It’s hard to explain it to people, so I usually just say, “I love to write,” which sounds kinda lame. I guess that’s true, too. But for real? The for real answer? I was screwed up, and writing saved me, as it always had and always will.

One more reason that I love all of you, dearest readers. You’ve rarely known it, but you’re like my therapy group. And I love you so much.

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The Ride


Please enjoy the scenery from my bike ride.

Tonight, I discovered that nothing beats a bike ride.

As many of you know, I love love love road biking. But lately, I haven’t really been riding. Like, at all. And there are lots of reasons for that. Okay, mainly just one.

I just finished my freshman year of college. I started out at my dream school, but then it turned out that the only place it was amazing was literally in my dreams. I seriously hated that college. And that’s to say nothing against the academics there, because I took a freaking fantastic linguistics class and learned a lot about Shakespeare, but it was just the wrong place for me. I didn’t feel like I fit in, and I had a really hard time making friends (which is kinda hilarious, because I’m not exactly shy).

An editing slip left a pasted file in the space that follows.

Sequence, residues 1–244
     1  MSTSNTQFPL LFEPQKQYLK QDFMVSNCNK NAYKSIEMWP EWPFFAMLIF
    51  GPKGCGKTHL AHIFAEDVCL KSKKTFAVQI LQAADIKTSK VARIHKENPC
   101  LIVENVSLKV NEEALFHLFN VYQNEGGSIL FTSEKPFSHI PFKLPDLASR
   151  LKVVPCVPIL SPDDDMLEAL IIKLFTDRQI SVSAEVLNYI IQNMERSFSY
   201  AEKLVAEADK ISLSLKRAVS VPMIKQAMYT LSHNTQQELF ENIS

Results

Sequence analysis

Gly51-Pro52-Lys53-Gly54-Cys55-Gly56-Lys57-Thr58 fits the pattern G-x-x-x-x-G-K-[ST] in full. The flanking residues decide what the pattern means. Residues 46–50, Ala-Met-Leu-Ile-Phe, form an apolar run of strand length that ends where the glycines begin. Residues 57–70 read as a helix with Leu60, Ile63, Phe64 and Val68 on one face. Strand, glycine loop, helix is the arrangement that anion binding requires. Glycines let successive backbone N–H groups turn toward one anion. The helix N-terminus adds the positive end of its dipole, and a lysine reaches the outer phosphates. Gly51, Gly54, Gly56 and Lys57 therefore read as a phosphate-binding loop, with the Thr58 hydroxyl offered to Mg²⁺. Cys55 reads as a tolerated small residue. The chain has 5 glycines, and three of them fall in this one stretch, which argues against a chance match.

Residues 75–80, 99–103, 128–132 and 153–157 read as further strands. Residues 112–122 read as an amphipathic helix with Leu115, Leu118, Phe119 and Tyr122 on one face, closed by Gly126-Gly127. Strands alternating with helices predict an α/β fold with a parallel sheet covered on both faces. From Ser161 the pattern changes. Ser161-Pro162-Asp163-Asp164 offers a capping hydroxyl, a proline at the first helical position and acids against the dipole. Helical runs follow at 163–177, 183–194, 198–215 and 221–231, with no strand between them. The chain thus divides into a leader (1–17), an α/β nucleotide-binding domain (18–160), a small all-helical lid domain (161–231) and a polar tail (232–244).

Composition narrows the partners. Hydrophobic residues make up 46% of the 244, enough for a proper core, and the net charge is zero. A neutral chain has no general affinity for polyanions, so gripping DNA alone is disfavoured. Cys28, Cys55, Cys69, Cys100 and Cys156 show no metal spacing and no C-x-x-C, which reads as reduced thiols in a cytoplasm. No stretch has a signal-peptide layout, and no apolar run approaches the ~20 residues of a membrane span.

And then there was the severe, debilitating anxiety that I experienced at that time. I started having panic attacks every night, and then I started having them in public places. For those of you who have never experienced this kind of anxiety, let me just tell you this: I have experienced nothing more terrifying than a panic attack in a dining hall. I — honest to God — thought that the people standing behind me in line were going to hurt me. I had to leave without eating, and I feared going back for several weeks because I connected my panic with that place. So I started staying in my room all the time, sleeping through classes, panicking at night, literally crying in the bathtub at 3 a.m.